Medical device manufacturers were presented with an opportunity in the initial economic shock of the COVID-19 pandemic. For many industry insiders, the impact on the medical technology sector particularly has been the acceleration of trends that were already underway.
Increased advancement in artificial intelligence technology, device connectivity, and data collection have enabled medical technology companies to adequately respond to the demand for critical products such as personal protective equipment (PPE) and ventilators.
The medical device industry is poised for steady growth, with global annual sales forecast to rise by over five percent per year and reach nearly US$800 billion by 2030 (KPMG, 2021). With these projections, increased demand for innovative new devices unlocks a grand potential in emerging markets such as China and India.
Traditionally, medical device companies have delivered value primarily through manufacturing and selling their products. However, as pressures on the healthcare system increase, the care delivery model is also shifting, essentially pressuring manufacturers to integrate services and data intelligence into products in order to offer holistic solutions.
Arguably, the biggest challenges within the medical device industry are political in nature. The last decade has seen a widespread backlash against globalisation (and by association globalised supply chains), from nationalist politicians and their support bases. Changes to trade agreements have far-reaching implications for the industry however, time will tell as to just how far these implications reach.
Earlier this year, the European Union’s Medical Device Regulation (2017/745) and In Vitro Diagnostic Regulation (2017/746) were enforced in order to set standards and oversight requirements for manufacturers of medical devices and in vitro diagnostic solutions that intend to distribute their products in the European Union. This was done in order to replace the decade-old regulations that were outdated. However, these new introductions also have posed some significant challenges to healthcare technology organisations, including higher costs and longer timeframes for developing new products.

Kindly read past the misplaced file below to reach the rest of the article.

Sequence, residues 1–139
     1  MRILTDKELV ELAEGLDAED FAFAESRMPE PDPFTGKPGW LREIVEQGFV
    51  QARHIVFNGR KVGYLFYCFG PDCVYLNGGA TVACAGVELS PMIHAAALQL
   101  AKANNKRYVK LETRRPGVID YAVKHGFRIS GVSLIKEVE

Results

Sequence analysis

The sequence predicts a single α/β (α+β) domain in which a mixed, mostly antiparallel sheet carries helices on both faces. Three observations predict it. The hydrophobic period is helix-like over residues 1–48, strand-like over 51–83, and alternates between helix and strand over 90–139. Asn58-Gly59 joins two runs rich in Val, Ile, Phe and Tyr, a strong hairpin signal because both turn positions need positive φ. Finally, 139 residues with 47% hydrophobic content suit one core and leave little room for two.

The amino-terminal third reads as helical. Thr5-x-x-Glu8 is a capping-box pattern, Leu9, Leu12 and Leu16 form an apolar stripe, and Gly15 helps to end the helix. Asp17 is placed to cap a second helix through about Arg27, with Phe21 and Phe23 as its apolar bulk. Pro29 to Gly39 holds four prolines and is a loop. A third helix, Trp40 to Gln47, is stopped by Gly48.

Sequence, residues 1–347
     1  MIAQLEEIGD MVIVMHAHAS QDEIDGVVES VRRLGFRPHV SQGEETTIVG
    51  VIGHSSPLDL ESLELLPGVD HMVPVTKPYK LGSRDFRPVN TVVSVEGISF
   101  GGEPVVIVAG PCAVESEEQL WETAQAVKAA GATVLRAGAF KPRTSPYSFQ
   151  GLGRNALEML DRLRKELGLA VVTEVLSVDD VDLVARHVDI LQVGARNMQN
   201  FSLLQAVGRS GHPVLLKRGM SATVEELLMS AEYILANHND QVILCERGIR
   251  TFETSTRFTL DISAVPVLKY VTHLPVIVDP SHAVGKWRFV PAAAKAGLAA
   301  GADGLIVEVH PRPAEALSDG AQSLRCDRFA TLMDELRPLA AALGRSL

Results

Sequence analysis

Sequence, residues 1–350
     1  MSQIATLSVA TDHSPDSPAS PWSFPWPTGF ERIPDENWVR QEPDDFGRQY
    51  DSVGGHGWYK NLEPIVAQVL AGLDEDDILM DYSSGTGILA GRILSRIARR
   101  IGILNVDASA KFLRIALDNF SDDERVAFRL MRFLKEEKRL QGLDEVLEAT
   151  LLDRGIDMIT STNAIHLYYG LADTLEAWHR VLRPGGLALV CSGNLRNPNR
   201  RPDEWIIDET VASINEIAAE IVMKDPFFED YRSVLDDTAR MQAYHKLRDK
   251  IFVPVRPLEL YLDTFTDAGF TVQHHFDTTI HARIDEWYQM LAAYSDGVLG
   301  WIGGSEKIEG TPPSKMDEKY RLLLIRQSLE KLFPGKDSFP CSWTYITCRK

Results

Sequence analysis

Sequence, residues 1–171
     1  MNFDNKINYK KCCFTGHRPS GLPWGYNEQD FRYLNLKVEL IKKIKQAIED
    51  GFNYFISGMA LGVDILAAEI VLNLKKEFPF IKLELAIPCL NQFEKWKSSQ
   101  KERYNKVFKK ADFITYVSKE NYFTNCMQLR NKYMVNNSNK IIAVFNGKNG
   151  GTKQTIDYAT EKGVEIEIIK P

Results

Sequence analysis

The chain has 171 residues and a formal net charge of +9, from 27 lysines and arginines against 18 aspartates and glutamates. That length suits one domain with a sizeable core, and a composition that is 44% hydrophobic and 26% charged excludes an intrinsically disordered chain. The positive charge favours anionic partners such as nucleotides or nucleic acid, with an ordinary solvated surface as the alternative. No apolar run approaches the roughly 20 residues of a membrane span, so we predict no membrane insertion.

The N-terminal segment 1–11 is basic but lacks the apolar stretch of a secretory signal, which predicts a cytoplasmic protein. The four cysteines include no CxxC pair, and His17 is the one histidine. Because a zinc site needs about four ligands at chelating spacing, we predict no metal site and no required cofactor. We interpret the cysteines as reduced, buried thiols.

There are a lot of potential growth opportunities that exist in the medical device industry, especially with major advances in robotics technology which have led to a huge spike in demand for minimally invasive robotic surgery (MIRS), causing the surgical robot market to experience double-digit growth. This trend is set to continue on an upward trajectory, with the global number of MIRS procedures set to more than double to 2 million by 2025, while the market is predicted to grow from $5.5bn to over $24bn (SRG, 2021).
Medical device manufacturers, while being faced with some new challenges, are also positioned with enhanced opportunities to develop new and innovative strategies that will allow them to thrive in the new and rapidly changing regulatory environment. The key is to be prepared, aware, and to think ahead. With these measures, the world of medical devices and compliance can go hand in hand, and essentially support the other to thrive in a rapidly evolving world.